Dylan is a touchstone, especially on the traditional folk stance of the title track, a plea for others not to "tread on her/For she is your sister/She was born with an American heart." Bondy, who once freighted his lyrics with phantasmagoric violence, now prostrates himself before God and the devil, channeling spiritually kaput characters struggling to acquire a taste for life's fleeting beauty over death's endless pall.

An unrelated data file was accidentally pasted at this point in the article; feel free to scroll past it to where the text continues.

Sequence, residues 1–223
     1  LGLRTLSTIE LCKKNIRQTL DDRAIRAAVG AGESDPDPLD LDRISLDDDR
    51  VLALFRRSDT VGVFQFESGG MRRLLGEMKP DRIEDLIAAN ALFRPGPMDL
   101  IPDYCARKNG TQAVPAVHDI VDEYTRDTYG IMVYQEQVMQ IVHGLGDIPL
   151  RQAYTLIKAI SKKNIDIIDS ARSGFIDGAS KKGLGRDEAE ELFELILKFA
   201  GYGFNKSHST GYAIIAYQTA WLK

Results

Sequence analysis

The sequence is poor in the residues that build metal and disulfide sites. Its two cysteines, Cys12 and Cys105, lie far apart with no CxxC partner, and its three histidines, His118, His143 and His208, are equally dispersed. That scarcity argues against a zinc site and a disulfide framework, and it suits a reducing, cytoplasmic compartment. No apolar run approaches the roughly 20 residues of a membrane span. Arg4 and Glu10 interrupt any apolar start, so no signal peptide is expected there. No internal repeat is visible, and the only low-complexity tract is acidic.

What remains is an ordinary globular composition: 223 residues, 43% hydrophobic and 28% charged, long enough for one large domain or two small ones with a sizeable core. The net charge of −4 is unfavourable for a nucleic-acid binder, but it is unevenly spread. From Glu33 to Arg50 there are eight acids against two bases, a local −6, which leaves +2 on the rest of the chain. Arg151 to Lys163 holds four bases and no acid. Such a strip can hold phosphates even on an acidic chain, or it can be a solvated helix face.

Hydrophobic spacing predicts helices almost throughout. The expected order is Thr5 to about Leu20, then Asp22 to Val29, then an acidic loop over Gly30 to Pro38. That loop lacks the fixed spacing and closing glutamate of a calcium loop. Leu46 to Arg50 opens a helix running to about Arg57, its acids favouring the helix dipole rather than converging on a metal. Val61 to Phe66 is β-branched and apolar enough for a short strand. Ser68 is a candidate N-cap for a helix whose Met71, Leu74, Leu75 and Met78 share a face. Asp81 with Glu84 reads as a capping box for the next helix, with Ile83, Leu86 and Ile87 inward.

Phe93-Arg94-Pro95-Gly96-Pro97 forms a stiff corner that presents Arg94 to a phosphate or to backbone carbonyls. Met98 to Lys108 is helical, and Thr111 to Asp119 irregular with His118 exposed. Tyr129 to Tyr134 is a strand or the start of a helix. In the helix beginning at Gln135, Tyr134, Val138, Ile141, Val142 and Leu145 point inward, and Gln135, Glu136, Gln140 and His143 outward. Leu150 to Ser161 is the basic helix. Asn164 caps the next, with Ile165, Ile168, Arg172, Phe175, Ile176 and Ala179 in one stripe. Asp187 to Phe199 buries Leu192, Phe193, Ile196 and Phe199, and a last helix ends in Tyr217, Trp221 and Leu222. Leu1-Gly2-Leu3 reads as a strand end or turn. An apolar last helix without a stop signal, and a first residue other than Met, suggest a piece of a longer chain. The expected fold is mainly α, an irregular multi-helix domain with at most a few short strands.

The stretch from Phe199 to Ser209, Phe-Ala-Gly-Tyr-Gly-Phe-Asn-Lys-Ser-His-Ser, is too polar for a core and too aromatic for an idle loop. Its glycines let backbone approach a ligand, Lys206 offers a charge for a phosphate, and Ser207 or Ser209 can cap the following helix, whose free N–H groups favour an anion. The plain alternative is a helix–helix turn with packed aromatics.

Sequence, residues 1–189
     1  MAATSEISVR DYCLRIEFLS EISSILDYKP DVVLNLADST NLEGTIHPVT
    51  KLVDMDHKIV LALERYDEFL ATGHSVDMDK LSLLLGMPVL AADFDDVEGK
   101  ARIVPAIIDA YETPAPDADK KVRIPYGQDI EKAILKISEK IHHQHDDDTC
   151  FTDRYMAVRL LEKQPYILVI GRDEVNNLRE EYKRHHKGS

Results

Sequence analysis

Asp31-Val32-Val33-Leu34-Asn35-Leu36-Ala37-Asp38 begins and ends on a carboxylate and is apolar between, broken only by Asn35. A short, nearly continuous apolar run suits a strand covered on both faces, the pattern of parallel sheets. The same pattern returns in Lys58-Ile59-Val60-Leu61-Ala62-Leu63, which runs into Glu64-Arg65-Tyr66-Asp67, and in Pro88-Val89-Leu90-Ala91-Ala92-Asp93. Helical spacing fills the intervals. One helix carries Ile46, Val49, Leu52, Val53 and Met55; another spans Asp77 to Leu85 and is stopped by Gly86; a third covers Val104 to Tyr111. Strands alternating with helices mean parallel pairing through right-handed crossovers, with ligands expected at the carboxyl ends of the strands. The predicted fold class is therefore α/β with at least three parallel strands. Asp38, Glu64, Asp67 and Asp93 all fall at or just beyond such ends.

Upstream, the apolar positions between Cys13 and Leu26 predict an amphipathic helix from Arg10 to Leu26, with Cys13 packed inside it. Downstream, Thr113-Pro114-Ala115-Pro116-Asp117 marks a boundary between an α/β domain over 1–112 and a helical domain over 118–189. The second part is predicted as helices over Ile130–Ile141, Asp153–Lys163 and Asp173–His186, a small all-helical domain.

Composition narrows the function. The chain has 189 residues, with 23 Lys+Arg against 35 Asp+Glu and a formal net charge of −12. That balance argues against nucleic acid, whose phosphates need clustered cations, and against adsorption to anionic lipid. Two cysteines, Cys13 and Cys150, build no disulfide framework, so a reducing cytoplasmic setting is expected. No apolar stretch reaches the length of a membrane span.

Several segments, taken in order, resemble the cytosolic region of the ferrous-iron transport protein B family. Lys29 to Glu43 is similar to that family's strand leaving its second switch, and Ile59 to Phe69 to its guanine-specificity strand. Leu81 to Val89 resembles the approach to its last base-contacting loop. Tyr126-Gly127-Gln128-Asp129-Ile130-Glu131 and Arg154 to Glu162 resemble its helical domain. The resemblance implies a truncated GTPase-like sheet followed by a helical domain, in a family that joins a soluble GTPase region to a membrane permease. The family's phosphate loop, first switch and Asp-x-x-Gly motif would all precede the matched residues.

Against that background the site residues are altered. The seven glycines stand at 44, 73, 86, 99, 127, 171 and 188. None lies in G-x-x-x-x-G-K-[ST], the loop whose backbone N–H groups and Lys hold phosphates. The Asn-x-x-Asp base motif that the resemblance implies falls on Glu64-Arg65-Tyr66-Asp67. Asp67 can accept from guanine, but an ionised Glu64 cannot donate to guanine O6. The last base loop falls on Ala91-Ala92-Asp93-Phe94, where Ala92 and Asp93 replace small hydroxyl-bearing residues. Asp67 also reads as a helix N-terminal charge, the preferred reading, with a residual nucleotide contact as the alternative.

In "Black Rain, Black Rain," the speaker wanders a blown-apart landscape "like a ghost upon a breeze/in a land of elegies," convinced that "love don't die/it just goes from girl to girl." (Think: musical interlude in Cormac McCarthy's post-apocalyptic novel The Road.) It's rare for an artist of savage aptitude to drop his mask of anger and fashion a song as intimate as "Lovers' Waltz," wherein a gunfighter-like personage inquires: "Will you lay me with me until the final bullets sing?" (Think: love theme from Deadwood.) And when Bondy squeezes out a litany of cocaine, heroin and Jesus in "Vice Rag," you can feel their sweet poisons creep into your heart with more force, and more pain, than the loudest punk song.